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May 2009 Worlds Apart

The Work of Writing III


Over the last couple of months we’ve been looking at questions and issues covering what you would like to write, how you would like to write it and how to get started. It’s been quite general, but now I want to turn to more specific matters and look at things such as plotting, character development, point of view and so on. Remember we’ll be dealing with all these things within the context of creating historical fiction, which is what we’re all about here at Worlds Apart.


We discussed the question of choosing an historical period in which to set your story in a previous column, so we won’t go into that again now. Let us simply assume you know your historical context and you have at least a general storyline in mind.


Some people think it is only mystery stories that have a plot, but that’s not really the case. Adventure stories, fantasy, horror, mystery, romance, all have plots because all stories, regardless of genre, must have a beginning, a middle and an end. That sounds simple enough, I suppose, but it’s really another way of saying that a story has to go somewhere. It has to show something. There has to be a line to follow. You can write a story about life in the British Navy in the eighteenth century, but how will you show that life? From what perspective? What will happen and who will it happen to? That is to say, what will the plot be?


Assuming, as we said, you have a general storyline in mind, you will probably develop your plot from that, but don’t feel you must have everything in place before you start. I know writers who lay out their plots and stories in meticulous detail and answer all the questions before they put a single word onto paper, but I don’t do that, and you don’t have to either, unless that is the way you prefer to work. That level of planning is not a requirement, although some will not agree with me.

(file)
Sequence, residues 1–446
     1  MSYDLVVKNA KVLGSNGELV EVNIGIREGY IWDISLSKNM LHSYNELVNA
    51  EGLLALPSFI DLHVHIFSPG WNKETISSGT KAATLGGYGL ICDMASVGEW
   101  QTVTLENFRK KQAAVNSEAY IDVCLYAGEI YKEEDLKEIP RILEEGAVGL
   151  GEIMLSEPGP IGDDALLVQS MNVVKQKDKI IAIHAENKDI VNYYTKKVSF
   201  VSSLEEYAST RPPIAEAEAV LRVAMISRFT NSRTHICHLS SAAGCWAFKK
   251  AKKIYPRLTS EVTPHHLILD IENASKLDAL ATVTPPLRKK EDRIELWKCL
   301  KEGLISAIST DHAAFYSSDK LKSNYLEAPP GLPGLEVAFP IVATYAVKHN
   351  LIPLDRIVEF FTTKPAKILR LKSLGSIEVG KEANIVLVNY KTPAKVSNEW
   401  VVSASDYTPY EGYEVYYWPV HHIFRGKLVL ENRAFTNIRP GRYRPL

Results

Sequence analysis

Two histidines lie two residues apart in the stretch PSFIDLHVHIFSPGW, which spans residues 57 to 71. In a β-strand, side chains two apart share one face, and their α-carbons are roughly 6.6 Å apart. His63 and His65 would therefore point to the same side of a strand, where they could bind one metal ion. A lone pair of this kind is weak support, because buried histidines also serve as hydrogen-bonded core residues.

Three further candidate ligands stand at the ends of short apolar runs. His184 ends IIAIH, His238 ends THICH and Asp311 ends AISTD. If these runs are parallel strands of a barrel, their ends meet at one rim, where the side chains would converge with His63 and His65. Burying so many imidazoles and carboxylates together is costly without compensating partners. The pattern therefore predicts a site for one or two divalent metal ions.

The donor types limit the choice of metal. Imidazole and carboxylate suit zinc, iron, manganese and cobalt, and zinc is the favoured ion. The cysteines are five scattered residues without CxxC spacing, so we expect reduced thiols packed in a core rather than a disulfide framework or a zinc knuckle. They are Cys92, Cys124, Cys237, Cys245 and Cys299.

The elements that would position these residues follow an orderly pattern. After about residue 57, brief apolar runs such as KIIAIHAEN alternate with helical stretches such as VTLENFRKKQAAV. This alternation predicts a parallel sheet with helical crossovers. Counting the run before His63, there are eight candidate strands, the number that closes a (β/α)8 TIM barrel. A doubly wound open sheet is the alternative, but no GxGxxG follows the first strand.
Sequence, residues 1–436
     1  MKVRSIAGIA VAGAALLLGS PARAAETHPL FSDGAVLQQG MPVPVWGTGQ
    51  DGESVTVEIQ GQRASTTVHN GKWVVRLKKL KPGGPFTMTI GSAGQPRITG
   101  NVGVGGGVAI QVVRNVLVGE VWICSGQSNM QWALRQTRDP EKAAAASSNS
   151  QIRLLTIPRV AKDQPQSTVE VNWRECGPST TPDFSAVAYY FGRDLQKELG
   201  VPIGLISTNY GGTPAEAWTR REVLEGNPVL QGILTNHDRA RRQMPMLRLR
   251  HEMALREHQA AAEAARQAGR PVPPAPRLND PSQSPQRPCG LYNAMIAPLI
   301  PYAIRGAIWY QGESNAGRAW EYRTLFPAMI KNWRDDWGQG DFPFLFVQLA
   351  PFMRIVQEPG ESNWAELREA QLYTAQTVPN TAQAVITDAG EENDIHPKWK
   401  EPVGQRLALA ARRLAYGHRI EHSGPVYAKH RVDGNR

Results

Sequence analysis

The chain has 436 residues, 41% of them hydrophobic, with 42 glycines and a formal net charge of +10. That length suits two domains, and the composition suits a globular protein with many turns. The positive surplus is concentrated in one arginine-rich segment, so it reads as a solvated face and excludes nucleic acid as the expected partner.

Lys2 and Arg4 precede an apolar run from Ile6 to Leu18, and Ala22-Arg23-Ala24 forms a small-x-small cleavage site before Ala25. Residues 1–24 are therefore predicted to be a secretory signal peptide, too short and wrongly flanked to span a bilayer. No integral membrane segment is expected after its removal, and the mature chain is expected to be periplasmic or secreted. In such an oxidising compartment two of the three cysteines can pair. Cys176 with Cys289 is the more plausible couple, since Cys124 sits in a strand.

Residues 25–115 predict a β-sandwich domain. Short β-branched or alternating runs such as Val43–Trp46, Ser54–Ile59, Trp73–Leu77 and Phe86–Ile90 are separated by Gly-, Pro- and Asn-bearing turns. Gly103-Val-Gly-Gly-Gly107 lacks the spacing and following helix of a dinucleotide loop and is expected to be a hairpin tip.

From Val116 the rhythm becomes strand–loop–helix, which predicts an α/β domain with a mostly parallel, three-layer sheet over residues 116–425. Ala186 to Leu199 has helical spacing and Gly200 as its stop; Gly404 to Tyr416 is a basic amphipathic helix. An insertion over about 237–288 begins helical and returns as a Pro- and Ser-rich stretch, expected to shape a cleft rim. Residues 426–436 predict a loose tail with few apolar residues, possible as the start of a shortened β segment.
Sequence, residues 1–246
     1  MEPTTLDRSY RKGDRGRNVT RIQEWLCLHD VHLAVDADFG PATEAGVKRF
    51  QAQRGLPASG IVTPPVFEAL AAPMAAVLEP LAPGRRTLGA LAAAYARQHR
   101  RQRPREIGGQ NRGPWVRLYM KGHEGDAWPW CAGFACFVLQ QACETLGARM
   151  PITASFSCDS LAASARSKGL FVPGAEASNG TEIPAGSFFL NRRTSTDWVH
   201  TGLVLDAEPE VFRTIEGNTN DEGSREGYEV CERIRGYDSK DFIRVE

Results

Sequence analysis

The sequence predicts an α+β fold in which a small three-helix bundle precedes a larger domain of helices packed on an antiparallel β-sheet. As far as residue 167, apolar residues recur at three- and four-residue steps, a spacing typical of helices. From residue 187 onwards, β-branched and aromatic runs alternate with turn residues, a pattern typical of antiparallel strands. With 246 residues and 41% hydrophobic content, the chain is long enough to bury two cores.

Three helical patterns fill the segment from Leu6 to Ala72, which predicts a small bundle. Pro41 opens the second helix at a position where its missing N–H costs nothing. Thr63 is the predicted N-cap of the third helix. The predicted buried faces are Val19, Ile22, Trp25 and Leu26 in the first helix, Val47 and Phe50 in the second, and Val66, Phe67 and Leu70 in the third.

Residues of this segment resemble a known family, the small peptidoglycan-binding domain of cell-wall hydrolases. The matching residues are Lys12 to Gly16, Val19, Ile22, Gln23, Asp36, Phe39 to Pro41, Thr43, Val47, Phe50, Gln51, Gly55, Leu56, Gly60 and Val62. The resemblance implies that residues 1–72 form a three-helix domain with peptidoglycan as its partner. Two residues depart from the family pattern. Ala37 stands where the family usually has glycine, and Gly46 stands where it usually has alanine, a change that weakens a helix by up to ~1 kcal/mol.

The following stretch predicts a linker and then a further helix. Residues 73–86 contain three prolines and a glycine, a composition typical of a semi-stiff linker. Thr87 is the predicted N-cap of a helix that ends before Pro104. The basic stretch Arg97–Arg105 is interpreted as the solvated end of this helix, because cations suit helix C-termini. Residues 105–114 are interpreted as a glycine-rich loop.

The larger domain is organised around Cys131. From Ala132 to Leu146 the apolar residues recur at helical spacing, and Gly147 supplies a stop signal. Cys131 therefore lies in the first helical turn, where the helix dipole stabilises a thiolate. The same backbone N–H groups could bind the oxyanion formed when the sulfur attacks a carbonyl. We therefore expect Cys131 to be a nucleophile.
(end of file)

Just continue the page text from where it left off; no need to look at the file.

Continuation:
So what is a plot?


For my purposes, I think of my plots as the structure of the story. The design construct that holds everything together. You could call it the roadmap. I write crime mysteries for the most part (there are other kinds of mysteries of course) and I regard the plot as the framework of the story. The story could be about the murder of a man, but the plot answers questions such as where the murder took place, how was it discovered, who investigates it, what clues appear and how are they recognized and followed up, what is the motive and, of course, whodunit? In some senses mysteries are nice and tidy in that generally speaking the crime is the beginning of the story, the investigation is the middle and the revelation of whodunit forms the end, but it can often be more complicated than that. There are usually subplots, red herrings that lead investigators astray and so on.


For those of you who do not write mysteries, the issue of plot is just as critical. Even if a crime is not being committed or investigated, the story must still develop according to a design, and one of the most fundamental elements of story design in all genres of fiction is conflict.


Conflict is critical in the writing of fiction, and it is sufficiently important that I want to devote an entire column to it next month. It is central to the issue of plot, character development and all the other elements of good story-telling.


See you here next month,